This speech is from the closing rally of IFF 2012, where Esther spoke alongside Paulette Romain, Charlie McDonald and John Cunningham.
As Paulette said, my name’s Esther Townsend. I’m a social work student at the University of East London and an activist in Workers’ Liberty’s feminist campaign, Women's Fightback.
I hope you’ve all enjoyed the debates and discussions at this year’s Ideas for Freedom. I want to talk about why we call this event “Ideas for Freedom” – what we mean by it, and why we think it’s important.
Ideas are central to what we do. This weekend we’ve heard about some incredibly impressive activity and struggles Workers’ Liberty members and supporters have been involved in. Whether it’s organising strikes and industrial action, developing rank-and-file organisations in the unions or building mass action among students, we should be very proud of the role our organisation plays in the class struggle.
Our comrades, in other countries and in the past, have done much bigger things. But the reason we’re capable of playing a big role in the class struggle is not down to individuals just being clever or talented. It’s the revolutionary ideas we’ve made an effort to maintain, develop, share and debate with others and test in action. Those ideas, Marxism, are the only real framework to seriously understand the capitalist world around us, and by far the most effective framework for acting to change it.
My experience of the student movement has reinforced that belief. There are many more left wing, militant student activists around than there were a few years ago. But many of them – even some of the best of them – are suspicious if not disdainful of trying to systematically develop ideas. In the student movement and in the labour movement, it’s our job to change that.
There are lots of ideas we want to convince people of, but the big one is class. Class exploitation – class struggle – class politics. Even as the ruling class acts more and more on the basis of their undisguised class interests, there has been a systematic drive to mask and even deny the reality of class exploitation in capitalist society. Even some anti-capitalists accept this basic premise – look at Occupy. Class is something people experience every day, something that’s impossible to miss, something that makes sense, but only if people are provided with a framework for it to make sense. Because we know that it’s impossible to understand, let alone fight, capitalism without a clear idea of what it is, we have to fight to put class back at the centre of political vision.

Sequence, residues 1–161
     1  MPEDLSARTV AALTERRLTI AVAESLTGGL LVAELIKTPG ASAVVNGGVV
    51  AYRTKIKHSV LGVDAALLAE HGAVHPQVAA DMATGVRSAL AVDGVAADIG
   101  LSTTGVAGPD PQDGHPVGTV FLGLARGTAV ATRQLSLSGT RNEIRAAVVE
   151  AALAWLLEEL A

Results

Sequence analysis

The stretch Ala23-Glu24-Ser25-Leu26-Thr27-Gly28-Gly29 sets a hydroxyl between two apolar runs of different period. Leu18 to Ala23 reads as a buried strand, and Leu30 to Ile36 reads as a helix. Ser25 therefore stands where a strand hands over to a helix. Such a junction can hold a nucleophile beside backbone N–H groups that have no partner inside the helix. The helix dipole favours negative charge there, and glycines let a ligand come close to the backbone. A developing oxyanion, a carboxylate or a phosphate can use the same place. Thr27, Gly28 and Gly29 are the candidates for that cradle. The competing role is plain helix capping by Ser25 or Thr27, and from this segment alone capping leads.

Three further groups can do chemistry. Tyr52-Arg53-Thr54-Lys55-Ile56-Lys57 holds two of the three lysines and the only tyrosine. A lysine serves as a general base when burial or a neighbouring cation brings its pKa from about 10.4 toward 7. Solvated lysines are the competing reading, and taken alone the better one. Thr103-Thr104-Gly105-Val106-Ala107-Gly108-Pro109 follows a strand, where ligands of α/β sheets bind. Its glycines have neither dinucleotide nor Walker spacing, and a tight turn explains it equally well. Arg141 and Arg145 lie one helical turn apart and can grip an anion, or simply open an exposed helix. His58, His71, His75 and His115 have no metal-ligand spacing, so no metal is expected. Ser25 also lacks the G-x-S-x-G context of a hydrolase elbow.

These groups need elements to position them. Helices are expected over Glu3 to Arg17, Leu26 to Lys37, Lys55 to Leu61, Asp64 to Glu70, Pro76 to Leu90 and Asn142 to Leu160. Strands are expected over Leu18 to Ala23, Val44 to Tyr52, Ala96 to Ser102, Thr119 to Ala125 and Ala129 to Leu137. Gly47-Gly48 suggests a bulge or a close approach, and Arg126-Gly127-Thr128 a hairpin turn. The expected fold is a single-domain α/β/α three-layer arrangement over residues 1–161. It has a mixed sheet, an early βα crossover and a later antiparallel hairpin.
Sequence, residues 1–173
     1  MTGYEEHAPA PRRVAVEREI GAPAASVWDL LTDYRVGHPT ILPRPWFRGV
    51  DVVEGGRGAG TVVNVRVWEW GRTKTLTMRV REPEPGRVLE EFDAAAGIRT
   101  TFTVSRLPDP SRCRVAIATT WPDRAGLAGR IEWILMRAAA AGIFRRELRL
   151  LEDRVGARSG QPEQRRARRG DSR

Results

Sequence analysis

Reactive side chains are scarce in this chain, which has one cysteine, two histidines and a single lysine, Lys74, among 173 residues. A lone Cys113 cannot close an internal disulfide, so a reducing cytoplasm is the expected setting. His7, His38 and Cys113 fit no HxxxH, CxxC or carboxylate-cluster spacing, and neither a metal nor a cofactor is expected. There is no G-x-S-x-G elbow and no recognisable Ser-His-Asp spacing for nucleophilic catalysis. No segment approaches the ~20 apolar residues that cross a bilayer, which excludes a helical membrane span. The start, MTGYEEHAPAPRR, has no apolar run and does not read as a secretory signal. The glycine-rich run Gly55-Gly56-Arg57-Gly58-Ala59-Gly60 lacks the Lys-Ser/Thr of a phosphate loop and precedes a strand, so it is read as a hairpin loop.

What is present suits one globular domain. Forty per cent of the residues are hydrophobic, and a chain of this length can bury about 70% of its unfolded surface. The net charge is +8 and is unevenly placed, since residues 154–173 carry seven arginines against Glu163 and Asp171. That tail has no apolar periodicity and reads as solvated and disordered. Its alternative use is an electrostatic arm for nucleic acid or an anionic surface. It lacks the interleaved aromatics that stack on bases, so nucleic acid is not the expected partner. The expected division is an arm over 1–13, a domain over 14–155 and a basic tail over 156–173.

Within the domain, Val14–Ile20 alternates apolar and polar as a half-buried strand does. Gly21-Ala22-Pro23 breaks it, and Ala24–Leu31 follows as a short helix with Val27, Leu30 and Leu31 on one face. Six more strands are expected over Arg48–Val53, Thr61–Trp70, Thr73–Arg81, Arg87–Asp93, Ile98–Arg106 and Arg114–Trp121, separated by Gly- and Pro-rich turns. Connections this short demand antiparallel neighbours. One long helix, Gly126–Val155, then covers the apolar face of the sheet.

But “class politics” is quite a general term. There are three aspects of working-class politics, which I think are central to Workers’ Liberty’s identity, which I want to focus on and which I think the discussions and debate this weekend have highlighted.
1. Democracy. By that I mean not just the limited, shallow democracy our struggles have won in the past or that we get every five years at the ballot box but consistent democracy in every aspect of human life – political, economic, social, sexual, racial, national. But above all, I mean workers’ democracy, a drive to transform our labour movement now through a fight for rank-and-file consciousness, rank-and-file initiatives and rank-and-file control, so that the labour movement can fight to expand democracy now, and in the future become the basis for a new society that is more fundamentally democratic than capitalism.
2. Internationalism. Internationalism is a buzzword on the left, but too often it is used to mean support for a few fashionable causes, divorced from class politics. Sometimes it is even turned into its opposite – an inverted nationalism where socialists support whoever is fighting “our” government and ruling class. We need to put working-class solidarity, across borders, back at the centre of what it means to be internationalist in the world of globalised capitalism.